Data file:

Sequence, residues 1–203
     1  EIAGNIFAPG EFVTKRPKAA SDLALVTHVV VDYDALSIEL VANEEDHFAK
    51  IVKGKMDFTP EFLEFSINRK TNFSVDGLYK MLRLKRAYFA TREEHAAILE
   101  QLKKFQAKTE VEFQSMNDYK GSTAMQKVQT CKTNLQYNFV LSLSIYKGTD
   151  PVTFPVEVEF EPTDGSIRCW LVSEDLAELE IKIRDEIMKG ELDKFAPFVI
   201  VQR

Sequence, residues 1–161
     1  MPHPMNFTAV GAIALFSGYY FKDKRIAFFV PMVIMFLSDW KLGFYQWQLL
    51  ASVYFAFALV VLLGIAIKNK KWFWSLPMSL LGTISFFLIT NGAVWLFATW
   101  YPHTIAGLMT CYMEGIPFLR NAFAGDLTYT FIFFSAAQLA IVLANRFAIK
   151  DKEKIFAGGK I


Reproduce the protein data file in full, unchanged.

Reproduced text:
Sequence, residues 1–203
     1  EIAGNIFAPG EFVTKRPKAA SDLALVTHVV VDYDALSIEL VANEEDHFAK
    51  IVKGKMDFTP EFLEFSINRK TNFSVDGLYK MLRLKRAYFA TREEHAAILE
   101  QLKKFQAKTE VEFQSMNDYK GSTAMQKVQT CKTNLQYNFV LSLSIYKGTD
   151  PVTFPVEVEF EPTDGSIRCW LVSEDLAELE IKIRDEIMKG ELDKFAPFVI
   201  VQR

Sequence, residues 1–161
     1  MPHPMNFTAV GAIALFSGYY FKDKRIAFFV PMVIMFLSDW KLGFYQWQLL
    51  ASVYFAFALV VLLGIAIKNK KWFWSLPMSL LGTISFFLIT NGAVWLFATW
   101  YPHTIAGLMT CYMEGIPFLR NAFAGDLTYT FIFFSAAQLA IVLANRFAIK
   151  DKEKIFAGGK I